Not being a sandbox, just like Minecraft, this one also fosters trying new ways. Experiments may pay, but they require changing your mindset sometimes. Learn from your failures and enjoy your successes in this extraordinary simulator.
The game has “Very Positive” rating on Steam, with over 50K votes and reviews. It’s an educational game that is anything but boring. Not that it teaches some certain knowledge: it rather encourages you to learn.
Super Mario Games
Knowledge isn’t always written down and put into a book or a film. Some sorts of knowledge are to be mastered by exercise and experiment. So is, for example, moving in 3D structures, feeling like a lab mouse in a maze. And yes, that’s exactly the sort of experience that helps you learn. Have you heard about those mice showing exceptional results in learning? The good news is that humans benefit from 3D environments too.
The scientific experiment meant to prove it involved three groups of volunteers that spent some time playing a game and then were asked to pass some tests. One group played Super Mario 3D World, another group gave time to Angry Birds (a 2D game, as you know), and the third played none. The experiment proved that humans performed better at recognition memory tasks and mnemonic discrimination after stimulating their brains with some 3D experience.
The hypothesis is that 3D environments stimulate the hippocampus, and it improves our ability to learn, master and memorize. It proved right with both young people and those between 55 and 75 that played Super Mario 64 regularly for six months. This group showed an increase in the gray matter of the hippocampus, unlike their peers who took piano lessons (stimulating hearing) or doing nothing specific. It should be noted, though, that the musicians showed a different sort of progress in the dorsolateral prefrontal cortex. And both stimulated groups had their cerebellum growing.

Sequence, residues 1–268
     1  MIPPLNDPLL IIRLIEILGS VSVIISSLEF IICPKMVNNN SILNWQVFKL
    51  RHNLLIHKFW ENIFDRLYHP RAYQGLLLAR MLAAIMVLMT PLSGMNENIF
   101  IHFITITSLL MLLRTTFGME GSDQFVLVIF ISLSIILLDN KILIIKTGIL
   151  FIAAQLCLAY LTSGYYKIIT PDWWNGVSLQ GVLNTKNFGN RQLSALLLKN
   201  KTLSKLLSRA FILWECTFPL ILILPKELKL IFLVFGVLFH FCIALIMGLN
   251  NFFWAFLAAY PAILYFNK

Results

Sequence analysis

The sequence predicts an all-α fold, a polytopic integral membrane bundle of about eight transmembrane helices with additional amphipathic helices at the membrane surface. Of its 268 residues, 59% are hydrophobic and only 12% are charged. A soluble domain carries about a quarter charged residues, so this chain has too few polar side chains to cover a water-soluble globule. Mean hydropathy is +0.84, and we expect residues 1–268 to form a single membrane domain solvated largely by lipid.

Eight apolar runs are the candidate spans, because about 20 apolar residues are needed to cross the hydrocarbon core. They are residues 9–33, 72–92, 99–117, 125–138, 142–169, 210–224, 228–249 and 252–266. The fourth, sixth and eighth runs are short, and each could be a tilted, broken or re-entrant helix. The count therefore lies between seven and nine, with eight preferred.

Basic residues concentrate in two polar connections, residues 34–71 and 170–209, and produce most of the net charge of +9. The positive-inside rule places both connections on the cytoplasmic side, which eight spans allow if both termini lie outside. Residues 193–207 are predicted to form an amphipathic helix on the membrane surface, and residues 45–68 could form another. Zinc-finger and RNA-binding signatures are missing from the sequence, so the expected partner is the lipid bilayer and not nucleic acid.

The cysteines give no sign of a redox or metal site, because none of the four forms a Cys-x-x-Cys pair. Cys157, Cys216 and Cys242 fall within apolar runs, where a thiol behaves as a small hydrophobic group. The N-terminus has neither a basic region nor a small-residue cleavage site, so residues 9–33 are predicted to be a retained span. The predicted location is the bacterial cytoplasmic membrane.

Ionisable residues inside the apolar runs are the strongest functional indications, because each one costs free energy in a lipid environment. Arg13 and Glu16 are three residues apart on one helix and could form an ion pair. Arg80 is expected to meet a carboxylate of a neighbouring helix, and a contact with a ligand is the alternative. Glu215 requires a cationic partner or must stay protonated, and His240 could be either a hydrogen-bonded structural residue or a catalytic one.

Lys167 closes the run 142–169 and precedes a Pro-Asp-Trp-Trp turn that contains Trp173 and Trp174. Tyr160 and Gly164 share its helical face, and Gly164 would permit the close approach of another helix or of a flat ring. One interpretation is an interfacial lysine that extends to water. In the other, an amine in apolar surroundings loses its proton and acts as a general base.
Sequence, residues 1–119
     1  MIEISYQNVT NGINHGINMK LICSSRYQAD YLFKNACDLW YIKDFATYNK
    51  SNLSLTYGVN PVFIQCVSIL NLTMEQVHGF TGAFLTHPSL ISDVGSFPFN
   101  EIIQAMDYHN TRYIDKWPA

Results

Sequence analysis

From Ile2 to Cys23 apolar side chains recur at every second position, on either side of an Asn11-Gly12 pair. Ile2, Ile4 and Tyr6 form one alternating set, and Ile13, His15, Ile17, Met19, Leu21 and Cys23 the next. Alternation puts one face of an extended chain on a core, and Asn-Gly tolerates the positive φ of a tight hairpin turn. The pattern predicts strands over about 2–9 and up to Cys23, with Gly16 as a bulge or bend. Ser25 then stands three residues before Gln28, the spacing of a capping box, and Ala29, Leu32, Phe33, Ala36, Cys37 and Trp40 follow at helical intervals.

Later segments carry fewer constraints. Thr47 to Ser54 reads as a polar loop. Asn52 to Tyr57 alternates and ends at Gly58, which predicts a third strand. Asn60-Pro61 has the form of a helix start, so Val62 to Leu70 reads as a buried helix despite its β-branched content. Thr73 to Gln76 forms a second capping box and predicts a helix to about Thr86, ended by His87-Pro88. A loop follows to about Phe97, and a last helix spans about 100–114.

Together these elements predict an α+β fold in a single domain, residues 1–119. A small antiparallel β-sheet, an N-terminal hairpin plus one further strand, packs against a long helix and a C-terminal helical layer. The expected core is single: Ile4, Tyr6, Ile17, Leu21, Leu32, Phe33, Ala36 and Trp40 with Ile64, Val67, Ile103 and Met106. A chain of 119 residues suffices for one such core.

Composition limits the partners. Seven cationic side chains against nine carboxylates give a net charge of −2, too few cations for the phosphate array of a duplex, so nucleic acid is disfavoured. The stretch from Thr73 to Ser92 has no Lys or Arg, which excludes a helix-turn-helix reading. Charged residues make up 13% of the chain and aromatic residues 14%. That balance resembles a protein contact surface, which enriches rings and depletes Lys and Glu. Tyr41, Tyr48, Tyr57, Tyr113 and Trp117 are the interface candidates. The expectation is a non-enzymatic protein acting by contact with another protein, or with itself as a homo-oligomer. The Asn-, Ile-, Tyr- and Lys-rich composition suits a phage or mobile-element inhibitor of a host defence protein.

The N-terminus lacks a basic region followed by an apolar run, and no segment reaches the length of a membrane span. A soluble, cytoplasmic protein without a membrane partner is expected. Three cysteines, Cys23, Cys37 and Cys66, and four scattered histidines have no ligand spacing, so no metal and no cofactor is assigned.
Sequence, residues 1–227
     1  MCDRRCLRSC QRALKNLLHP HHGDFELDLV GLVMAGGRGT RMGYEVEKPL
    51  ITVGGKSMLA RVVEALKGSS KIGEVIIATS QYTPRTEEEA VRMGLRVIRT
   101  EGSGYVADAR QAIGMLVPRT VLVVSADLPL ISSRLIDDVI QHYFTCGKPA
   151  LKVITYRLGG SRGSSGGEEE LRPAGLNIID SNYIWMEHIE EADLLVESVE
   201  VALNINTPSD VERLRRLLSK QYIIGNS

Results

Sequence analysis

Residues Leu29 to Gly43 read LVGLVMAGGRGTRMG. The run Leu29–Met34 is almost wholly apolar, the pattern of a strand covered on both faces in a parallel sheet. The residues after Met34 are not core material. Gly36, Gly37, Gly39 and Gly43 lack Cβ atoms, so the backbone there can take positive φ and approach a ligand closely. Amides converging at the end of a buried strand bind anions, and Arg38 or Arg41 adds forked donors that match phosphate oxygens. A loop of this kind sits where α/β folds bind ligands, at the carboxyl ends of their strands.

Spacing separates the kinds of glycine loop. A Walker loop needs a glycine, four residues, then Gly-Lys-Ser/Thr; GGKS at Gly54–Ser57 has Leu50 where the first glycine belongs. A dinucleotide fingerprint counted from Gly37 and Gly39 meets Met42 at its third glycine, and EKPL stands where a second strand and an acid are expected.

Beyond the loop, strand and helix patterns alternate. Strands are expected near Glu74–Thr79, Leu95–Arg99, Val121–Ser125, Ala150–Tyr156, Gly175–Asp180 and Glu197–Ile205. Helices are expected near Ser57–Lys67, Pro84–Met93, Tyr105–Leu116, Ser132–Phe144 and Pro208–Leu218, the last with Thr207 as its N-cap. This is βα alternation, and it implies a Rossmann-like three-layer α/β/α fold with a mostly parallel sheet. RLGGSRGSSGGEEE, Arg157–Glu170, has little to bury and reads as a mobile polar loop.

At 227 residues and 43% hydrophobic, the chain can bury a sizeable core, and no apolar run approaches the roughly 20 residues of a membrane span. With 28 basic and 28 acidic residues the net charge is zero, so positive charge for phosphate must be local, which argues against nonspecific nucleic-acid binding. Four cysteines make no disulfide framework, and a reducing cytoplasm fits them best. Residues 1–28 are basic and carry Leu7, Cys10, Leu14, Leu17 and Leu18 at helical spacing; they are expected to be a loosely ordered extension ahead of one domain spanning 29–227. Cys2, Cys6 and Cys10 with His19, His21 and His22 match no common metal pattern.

So, while there’s nothing to learn directly from Super Mario games, they stimulate your brain and pump up your learning abilities in general. They also provide various tasks on spatial navigation, timing, logic, and so on. So spending your time on Mario games is not wasting it.
Rabbids are popular game characters, and this one is the first on our list that openly exploits them for purely educational purposes. It’s, in fact, an interactive textbook on coding, with Rabbids making the algorithms you write visual. The algorithm you write for driving a Rabbid out of the maze to the gate should work. After finishing, you check it and see whether it works as planned. If it doesn’t work properly, the rabbids locked in the ISS will destroy it from the inside.
One doesn’t need any coding experience to enjoy this game. On the contrary, the basic concepts are used in this game without extra complications, so even kids who never used words like “program”, “algorithm” or “condition” can play and enjoy it. As for Rabbids themselves, they turn everything they touch into a joke due to their idiotic and vivid ways. On the other hand, that’s what kids adore about them. Last but not least: the game can be downloaded for free on UPlay by Ubisoft.
It may be not that obvious in 2019, but computer users still need to learn to type. In modern schools, it’s not covered enough, as it’s considered that a kid with a computer will gradually learn this art. (Why don’t they act the same way about reading and writing?) It’s a part of today’s literacy, and, while many kids, in fact, master this art in the background, many others don’t. That’s why games like Epistory are important.